Northside SF
Common Knowledge
Master of time and space

Michio Kaku describes the laws of physics
that will determine our future photos: Ed Ritger
Renowned physicist Dr. Michio Kaku has seen the Bay Area change from the open fields of his childhood to the insatiable metropolis of today. Now he’s offering a look at what it will be like in the future, and it might make a few people wish for the open fields once again.

The very busy Kaku is professor of theoretical physics at CUNY and the co-founder of string field theory. He has authored many books, including the current bestseller Physics of the Future; he hosts two weekly radio programs and has hosted numerous science television series; and he frequently appears on national news programs to share his expertise on scientific matters, most recently on the Japanese nuclear crisis.

But he’s from the Bay Area, so the temptation is irresistible to ask about his former home. In Kaku’s youth, the Peninsula was a lot less dense, and he fondly recalled the alfalfa fields, which were “this high,” he said, holding his hand three feet off the floor, “and I was this high,” he added, lowering his hand half a foot.

Kaku was born in San Jose and grew up on the Peninsula, where he attended Palo Alto’s Cubberley High School. He recalled enlisting his parents to help him coil 22 miles of copper wire on the grounds of Cubberley’s football field, just yards from where he gave his Commonwealth Club speech in early March.

Before he headed onstage to address the audience, he agreed to talk to Northside San Francisco about the future of the Bay Area, for which, he has good and bad news.

First, the bad news. We can blame Moore’s Law for what will come. Named for Intel co-founder Gordon Moore, this law predicts that the number of transistors that can be put on an integrated circuit doubles every two years. This results in rapidly expanding computer power, and that fuels the growth of computer applications, hardware sales, entire new industries, and uses. “We were blessed with the rise of silicon,” said Kaku. “But I’m a physicist. I know that silicon power cannot last forever. Sooner or later we’re going to enter the post-silicon era, and it’s not clear who will pick up the mantle of Silicon Valley. But whoever does will reign supreme in the 21st century.”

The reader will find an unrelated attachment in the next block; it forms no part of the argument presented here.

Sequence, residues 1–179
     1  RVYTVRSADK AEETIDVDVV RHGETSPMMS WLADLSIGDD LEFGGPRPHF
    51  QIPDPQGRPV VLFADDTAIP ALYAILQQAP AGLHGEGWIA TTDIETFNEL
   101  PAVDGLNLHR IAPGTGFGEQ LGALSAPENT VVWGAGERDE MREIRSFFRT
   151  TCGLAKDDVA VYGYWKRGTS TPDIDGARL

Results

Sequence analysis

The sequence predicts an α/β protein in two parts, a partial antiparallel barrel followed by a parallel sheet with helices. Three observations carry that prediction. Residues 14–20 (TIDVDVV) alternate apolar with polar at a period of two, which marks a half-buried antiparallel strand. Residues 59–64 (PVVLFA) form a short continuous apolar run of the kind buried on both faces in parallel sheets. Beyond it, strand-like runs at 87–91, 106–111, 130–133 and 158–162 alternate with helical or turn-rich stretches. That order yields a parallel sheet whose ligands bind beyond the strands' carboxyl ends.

He says that Moore’s Law, which governed the high-tech world for decades, “is already beginning to slow down a bit, and by 2020, Moore’s Law will flatten out. That could cause a depression in Silicon Valley. Silicon Valley could become a rust belt, unless we take measures very soon.”

The collapse of Moore’s Law isn’t the result of congressional dysfunction. It’s the result of a higher power: the laws of physics. “Transistors are getting so small, so powerful, they get hot,” said Kaku. “So hot they melt. You could fry an egg on a chip of the future. Plus [because] they get smaller, they leak, because of the Heisenberg Uncertainty Principle. So ultimately silicon power will collapse.”

He identified some possible replacements for silicon, including DNA computers, quantum computers, molecular computers, and optical computers. “But none of them are ready to pick up the mantel of silicon,” he noted. “So it’s something to worry about, the fact that silicon power may be exhausted in the coming decades.”

Now for the good news. The pace of change that turned sleepy, weed-filled Silicon Valley into, well, Silicon Valley, will only increase in the future, and that opens up nearly endless possibilities for more creativity and more industries. Characteristically, Kaku points to the past to make a point about the future.

“Let’s say you were to meet your great grandparents of 1900. They lived in a time when the average life expectancy was in the 40s,” Kaku said. “Back then, long-distance communication was yelling, and long-distance travel was a horse, if you were rich, or a donkey. That’s life in 1900.”

How would they view you today with your use of GPS, satellites, nuclear power, iPhones and airplanes?
“They would view you as a wizard, a sorcerer, able to create images and go great distances,” he says. “Now let’s say you meet your great grandkids of 2100. How would you view them, given that technology accelerates? It doesn’t slow down at all; it accelerates over time. We would view them as gods. The gods of mythology.

“Zeus could think about things and materialize things, think about ideas and – boom – they would come to be. Venus had a perfect and timeless body. As far as transportation, Apollo had a chariot. As far as life, they had Pegasus; they could manipulate life. [In the year 2100, people] will be like the gods. They will take it for granted. They will say, ‘How could you live in the year 2000, where a table was just a table; you couldn’t talk to it? Where pictures were dumb, pictures didn’t move? How could you live like that?’

“Arthur C. Clarke had an expression: Any sufficiently advanced technology is indistinguishable from magic. My spin on it is: Any sufficiently advanced technology is indistinguishable from divinity. Because we will have the power of gods and take it for granted and bellyache that we don’t have more.”
And if none of that pans out, don’t worry. I’m from Wisconsin originally. Rust belts can be mighty fine places to grow up.

John Zipperer is vice president of editorial and media at The Commonwealth Club of California, E-mail:

Bookmark and Share Print Page PDF
Common Knowledge - Column Archive